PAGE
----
Casewell Confirmed as BLM director

Jim Caswell gets confirmed as BLM director of 264 million acres of public lands by voice vote Friday as Colorado Senator Ken Salazar folds his hold when promised a letter from Kempthorne. Salazar’s hold on the nomination was to protest against natural gas development in his district.

Caswell’s comments to FWS in support of the Wolf (10j rule) changes:

Update. Story on what led to Casewell’s confirmation — a deal to mitigate oil and gas damage to the Roan Plateau in western Colorado. Salazar wins delay in Roan Plateau plan. By Todd Hartman.  Rocky Mountain News. 

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  1. DV8 Avatar

    Obviously it’s never a good thing to have someone in such a high position in the fray. That said, does the director of the BLM really have any direct say in how the wolf situation is handled? Isn’t this a Fish and Widllife decision? Also, will Caswell be nixxed when their is an administration change…I believe Kathleen Robertson had been in that position for awhile.

  2. Monty Avatar

    Is this the same Jim Caswell who was Forest Supervior of the Siusalw National Forest in Oregon in the early 1990’s? If this is the same Caswell, then, unless he changed his “spots” , the individual I know about was very “green’. Caswell, as forest supervisor, lobbied to stop harvesting of all the Old-growth on the Siuslaw NF. He was a very progressive thinker!

  3. Brian Ertz Avatar

    no, caswell will not have direct control of the wolf situation. Caswell’s testimony was as head of Idaho’s Office of Species Conservation. that’s the irony.

    no, this is not the sme caswell.

    whenever i’ve seen him he seems like a nice guy, which is a different thing than whether i believe he will protect the public environmental interest.

    caswell has a unique way of being there when the mandate of federal environmental law is fiddled with underhanded ways.

  4. Ralph Maughan Avatar


    This question came up before, and I looked it up. They are different Jim Caswells.

  5. Ralph Maughan Avatar

    US Senator Ken Salazar withdrew his hold on Casewell’s nomination not only because Kempthorne promised to come through with the information, but because of legislative action in the US House.

    The Senator’s brother, Representative John Salazar, got a tough provision added to the House energy bill (which Bush says he will veto) which would bar surface occupancy for all oil and gas leases on top of the Roan plateau (a famed wildlife area in Western Colorado).

    Bush has vowed to veto almost all significant legislation currently before Congress, not just the energy bill.

    Most of the bill is not about public lands, but it has a number of public lands provisions including . . .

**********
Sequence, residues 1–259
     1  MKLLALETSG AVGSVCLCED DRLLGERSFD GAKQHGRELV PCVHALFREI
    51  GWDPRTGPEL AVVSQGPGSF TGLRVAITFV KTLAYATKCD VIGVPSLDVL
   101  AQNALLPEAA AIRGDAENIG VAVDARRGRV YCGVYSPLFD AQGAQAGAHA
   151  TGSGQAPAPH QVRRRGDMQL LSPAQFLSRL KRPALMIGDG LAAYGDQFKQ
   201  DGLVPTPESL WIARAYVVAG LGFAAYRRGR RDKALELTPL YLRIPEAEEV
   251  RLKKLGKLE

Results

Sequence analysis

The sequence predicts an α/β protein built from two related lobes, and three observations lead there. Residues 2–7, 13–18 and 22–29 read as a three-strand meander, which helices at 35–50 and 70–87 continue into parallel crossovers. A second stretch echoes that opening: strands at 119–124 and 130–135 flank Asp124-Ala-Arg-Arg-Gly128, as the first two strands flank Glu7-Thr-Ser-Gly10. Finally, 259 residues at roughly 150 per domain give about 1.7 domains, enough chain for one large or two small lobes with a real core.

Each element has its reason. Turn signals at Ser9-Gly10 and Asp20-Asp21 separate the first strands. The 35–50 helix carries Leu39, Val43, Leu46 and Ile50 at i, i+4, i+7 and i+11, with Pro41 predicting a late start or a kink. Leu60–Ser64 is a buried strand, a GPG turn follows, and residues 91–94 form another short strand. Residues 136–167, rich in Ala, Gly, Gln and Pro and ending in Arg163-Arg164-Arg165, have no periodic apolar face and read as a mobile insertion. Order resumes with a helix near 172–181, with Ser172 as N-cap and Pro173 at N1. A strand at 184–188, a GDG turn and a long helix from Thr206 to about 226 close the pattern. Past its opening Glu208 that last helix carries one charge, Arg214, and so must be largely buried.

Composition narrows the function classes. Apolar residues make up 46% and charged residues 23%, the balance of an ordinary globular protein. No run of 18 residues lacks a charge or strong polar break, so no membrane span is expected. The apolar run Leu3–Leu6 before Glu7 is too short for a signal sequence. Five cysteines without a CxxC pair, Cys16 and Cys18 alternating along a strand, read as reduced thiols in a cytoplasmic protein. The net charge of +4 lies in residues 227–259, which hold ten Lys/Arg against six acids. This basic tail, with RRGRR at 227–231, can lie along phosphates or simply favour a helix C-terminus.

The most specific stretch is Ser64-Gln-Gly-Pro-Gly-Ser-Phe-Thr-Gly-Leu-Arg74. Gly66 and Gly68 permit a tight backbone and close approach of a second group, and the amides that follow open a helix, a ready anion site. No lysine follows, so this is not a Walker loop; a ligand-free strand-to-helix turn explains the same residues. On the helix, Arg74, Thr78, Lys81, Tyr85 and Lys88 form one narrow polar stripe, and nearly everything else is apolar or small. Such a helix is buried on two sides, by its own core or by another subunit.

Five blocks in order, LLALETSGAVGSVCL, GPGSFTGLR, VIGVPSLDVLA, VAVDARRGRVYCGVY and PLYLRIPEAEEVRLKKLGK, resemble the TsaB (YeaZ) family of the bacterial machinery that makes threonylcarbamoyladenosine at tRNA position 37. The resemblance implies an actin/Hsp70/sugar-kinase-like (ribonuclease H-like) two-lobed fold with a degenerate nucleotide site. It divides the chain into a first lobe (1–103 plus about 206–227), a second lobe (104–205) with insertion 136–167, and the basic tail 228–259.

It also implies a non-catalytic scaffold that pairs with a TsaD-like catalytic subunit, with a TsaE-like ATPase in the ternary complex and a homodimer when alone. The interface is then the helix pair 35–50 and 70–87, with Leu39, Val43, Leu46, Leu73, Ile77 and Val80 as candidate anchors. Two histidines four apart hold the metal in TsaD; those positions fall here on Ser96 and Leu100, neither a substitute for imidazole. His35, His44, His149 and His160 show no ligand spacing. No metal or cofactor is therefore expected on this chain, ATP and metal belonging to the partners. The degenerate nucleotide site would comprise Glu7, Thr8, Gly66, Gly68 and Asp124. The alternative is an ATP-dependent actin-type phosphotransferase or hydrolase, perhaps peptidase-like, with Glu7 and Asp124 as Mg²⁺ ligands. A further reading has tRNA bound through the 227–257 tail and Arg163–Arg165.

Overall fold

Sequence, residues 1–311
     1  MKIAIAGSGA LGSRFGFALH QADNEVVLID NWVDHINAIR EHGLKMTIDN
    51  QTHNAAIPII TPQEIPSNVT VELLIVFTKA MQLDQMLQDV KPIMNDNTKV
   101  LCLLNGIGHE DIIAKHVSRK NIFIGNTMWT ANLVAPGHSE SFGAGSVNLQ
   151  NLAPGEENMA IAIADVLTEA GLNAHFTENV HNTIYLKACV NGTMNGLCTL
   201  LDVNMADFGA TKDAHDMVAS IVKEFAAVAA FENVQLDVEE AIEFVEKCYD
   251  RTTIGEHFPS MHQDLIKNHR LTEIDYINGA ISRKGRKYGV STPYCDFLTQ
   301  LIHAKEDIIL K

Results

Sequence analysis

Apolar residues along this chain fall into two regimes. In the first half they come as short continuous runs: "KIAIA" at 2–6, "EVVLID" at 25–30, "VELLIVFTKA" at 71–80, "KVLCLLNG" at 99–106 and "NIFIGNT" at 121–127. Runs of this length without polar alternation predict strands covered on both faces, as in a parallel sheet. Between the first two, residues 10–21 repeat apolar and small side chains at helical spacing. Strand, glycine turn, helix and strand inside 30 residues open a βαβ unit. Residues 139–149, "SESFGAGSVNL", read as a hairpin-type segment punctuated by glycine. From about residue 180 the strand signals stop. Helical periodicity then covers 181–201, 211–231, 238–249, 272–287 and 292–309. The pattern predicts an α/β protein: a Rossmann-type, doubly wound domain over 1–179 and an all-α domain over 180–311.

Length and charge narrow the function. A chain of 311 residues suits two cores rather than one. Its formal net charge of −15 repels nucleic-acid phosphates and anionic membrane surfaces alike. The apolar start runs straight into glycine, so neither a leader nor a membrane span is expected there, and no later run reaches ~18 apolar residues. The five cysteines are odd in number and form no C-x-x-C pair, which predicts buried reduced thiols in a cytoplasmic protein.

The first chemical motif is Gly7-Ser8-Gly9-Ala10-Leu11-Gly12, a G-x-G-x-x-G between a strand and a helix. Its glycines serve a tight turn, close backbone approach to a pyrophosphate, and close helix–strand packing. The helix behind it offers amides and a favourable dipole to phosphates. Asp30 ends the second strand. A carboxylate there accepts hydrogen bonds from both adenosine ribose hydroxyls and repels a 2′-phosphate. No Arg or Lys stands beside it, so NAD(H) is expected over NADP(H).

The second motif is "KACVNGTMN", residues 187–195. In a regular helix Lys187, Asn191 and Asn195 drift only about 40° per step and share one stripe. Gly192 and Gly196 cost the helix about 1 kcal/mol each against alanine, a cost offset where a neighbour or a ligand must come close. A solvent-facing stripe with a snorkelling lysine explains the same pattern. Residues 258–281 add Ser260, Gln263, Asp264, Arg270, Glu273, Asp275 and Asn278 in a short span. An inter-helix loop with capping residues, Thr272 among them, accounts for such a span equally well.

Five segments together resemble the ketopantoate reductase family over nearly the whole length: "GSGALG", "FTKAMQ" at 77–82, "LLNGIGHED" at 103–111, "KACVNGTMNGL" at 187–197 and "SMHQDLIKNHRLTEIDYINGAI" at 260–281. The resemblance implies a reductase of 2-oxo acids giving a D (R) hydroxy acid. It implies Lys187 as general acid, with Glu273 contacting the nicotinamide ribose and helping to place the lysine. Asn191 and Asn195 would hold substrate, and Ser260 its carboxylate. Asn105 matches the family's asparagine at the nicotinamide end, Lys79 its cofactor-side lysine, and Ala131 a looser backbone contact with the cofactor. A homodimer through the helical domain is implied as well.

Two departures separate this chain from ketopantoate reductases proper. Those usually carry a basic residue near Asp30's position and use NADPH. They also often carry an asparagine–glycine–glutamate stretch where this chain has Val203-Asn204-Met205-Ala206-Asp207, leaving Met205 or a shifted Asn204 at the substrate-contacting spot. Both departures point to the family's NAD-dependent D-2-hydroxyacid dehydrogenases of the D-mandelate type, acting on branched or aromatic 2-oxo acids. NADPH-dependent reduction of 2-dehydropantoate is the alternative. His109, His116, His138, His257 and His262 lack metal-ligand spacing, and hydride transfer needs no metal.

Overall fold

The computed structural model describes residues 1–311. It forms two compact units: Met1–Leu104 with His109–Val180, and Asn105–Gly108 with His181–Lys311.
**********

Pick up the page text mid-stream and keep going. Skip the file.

A $1,700 cost recovery fee on each application for application for a permit to drill (APD).

    It cancels that part of the current law that uses rental fee money to fund a multi-agency program to speed up approval of APDs in the Rocky Mountains.

    It gives the BLM and Forest Service 45 days instead of 30 days to act on an APD.

    It requires BLM and the Forest Service to do more environmental reviews before granting an APD in wildlife areas. This is a weakening from the committee language with could have barred APDs in such areas without a lot of environmental review.
    It requires the BLM to complete evaluation of oil shale research and development lease projects on public lands before commercial leasing. Oil shale is probably the most damaging and least efficient of all the fossil fuel proposals out there.

    It establishes an oil shale community impact fund financed by bonus bids and other revenue.

    It requires a public review before waiving any best management practice oil and gas lease stipulation, and
    It requires the Minerals Management Service (MMS) to undertake at least 550 audits each year, compared to 144 audits in 2006. Democrats argue the Administration has lost billions of dollars of revenue from oil and gas royalties every year due to sloppy auditing.

    Oregon Senator Ron Wyden is still maintaining a hold on the nominaton of Lyle Laverty
    as the next assistant secretary of Interior for Fish and Wildlife and Parks. Laverty is nominated to replace Julie MacDonald, whose resigned under a cloud after it was revealed she bullied scientists and rewrote their findings about endangered species. Wyden put his hold on Laverty’s nomination because he is demanding the Department of Interior (headed by Kempthorne) prove that political employees didn’t interfere in the regulation of endangered species in the past, and won’t do so again. That should be a permanent hold because DOI did, but, of course, Wyden could settle for less.


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Brian Ertz